The title of this blog are the words we say when applying the ash cross on the forehead of a person on Ash Wednesday. Which is today. It is a reminder of something, of which we strangely need to be reminded: We will die.
Death can seem to be surreal. We re-spawn in video games. For all the violence seen on TV, we really don’t look at death but for a moment. It has the effect of de-sensitizing us about our mortality, more than making us aware of it. Death happens in hospitals and nursing homes and behind police tape. Most of us don’t see it nearly enough.
But without a doubt, we will die. Even if we live to be very old, it will come for us faster than we ever imagined.
Remembering that we will die is important. It forces us to confront what will come next. If makes us consider what is the purpose of this brief life we live on Earth. If we don’t consider that we will die, will we really live correctly?
The Ash Wednesday ritual doesn’t just speak morbid reality at us, and put a black mark on our heads. The mark is in the shape of a cross. Ironically, a cross was originally a form of torturous capital punishment. But God used it to creatively fulfill an unbreakable law on the behalf of everyone who would be connected to Christ. Jesus was forsaken so that we would not have to be. The result is eternal life with God.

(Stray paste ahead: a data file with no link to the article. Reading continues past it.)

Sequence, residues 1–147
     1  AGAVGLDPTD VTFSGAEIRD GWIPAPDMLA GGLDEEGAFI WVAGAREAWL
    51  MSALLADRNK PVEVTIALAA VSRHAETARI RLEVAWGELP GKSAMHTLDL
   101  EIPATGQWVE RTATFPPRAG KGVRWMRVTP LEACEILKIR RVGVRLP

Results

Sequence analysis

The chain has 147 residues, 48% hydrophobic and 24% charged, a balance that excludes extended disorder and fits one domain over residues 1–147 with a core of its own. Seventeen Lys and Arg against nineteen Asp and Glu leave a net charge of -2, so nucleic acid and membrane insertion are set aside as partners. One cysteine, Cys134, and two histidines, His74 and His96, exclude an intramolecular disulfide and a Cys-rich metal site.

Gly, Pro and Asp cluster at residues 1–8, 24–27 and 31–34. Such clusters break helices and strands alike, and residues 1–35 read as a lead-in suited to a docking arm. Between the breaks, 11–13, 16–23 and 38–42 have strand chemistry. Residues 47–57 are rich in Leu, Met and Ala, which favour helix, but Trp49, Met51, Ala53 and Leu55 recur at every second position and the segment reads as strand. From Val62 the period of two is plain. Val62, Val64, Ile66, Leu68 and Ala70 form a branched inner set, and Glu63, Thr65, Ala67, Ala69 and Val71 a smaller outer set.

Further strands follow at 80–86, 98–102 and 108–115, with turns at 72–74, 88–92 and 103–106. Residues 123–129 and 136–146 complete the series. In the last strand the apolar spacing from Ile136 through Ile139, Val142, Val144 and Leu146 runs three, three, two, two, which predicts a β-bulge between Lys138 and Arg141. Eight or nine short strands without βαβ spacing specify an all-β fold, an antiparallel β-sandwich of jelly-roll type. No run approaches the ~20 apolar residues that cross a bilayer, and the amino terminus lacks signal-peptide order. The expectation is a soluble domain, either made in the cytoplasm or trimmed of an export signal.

Yes. I will die. My body still has to die and is built to die. But I won’t have to be exiled from the one source of all good. More than that, my body, which will decay away, will be resurrected by the power of God. That is His promise. It is regrettable that death is a process I must endure. My sin makes this so. But Jesus Christ has created a real solution to my dilemma. Death no longer has permanent power over me. In fact, I kind of look forward to it. The best part of my existence is on the other side.
Ash Wednesday is the beginning of Lent, and, yes, it is a little dark. But it is a darkness with a very bright light that is following it. With a black, ugly, ashen cross smeared on my forehead, I am remind and I proclaim that I am dust; but I am dust that will rise again.
If you are in the area and read this today, we invite you to our Ash Wednesday services. At Redeemer, Evansville, they are at noon and 6pm at 1811 Lincoln Avenue. At Redeemer, Newburgh the service will be at 6pm at 7811 Oak Grove Road, up on the hill on the south side of the road.